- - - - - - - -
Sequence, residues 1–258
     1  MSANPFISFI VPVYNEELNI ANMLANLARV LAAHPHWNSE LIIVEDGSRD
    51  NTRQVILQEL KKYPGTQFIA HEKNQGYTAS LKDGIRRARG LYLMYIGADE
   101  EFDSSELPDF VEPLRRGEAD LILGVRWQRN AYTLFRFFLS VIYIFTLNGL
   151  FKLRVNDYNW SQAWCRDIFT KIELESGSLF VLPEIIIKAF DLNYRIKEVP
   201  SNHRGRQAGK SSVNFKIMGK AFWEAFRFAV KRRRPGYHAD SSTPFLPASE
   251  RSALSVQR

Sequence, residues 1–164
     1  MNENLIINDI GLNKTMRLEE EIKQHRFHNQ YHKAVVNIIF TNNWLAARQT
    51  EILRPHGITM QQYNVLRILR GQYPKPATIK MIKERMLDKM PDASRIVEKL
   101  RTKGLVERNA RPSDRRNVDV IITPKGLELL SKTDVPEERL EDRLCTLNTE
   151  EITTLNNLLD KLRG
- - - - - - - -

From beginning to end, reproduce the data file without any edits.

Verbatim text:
Sequence, residues 1–258
     1  MSANPFISFI VPVYNEELNI ANMLANLARV LAAHPHWNSE LIIVEDGSRD
    51  NTRQVILQEL KKYPGTQFIA HEKNQGYTAS LKDGIRRARG LYLMYIGADE
   101  EFDSSELPDF VEPLRRGEAD LILGVRWQRN AYTLFRFFLS VIYIFTLNGL
   151  FKLRVNDYNW SQAWCRDIFT KIELESGSLF VLPEIIIKAF DLNYRIKEVP
   201  SNHRGRQAGK SSVNFKIMGK AFWEAFRFAV KRRRPGYHAD SSTPFLPASE
   251  RSALSVQR

Sequence, residues 1–164
     1  MNENLIINDI GLNKTMRLEE EIKQHRFHNQ YHKAVVNIIF TNNWLAARQT
    51  EILRPHGITM QQYNVLRILR GQYPKPATIK MIKERMLDKM PDASRIVEKL
   101  RTKGLVERNA RPSDRRNVDV IITPKGLELL SKTDVPEERL EDRLCTLNTE
   151  EITTLNNLLD KLRG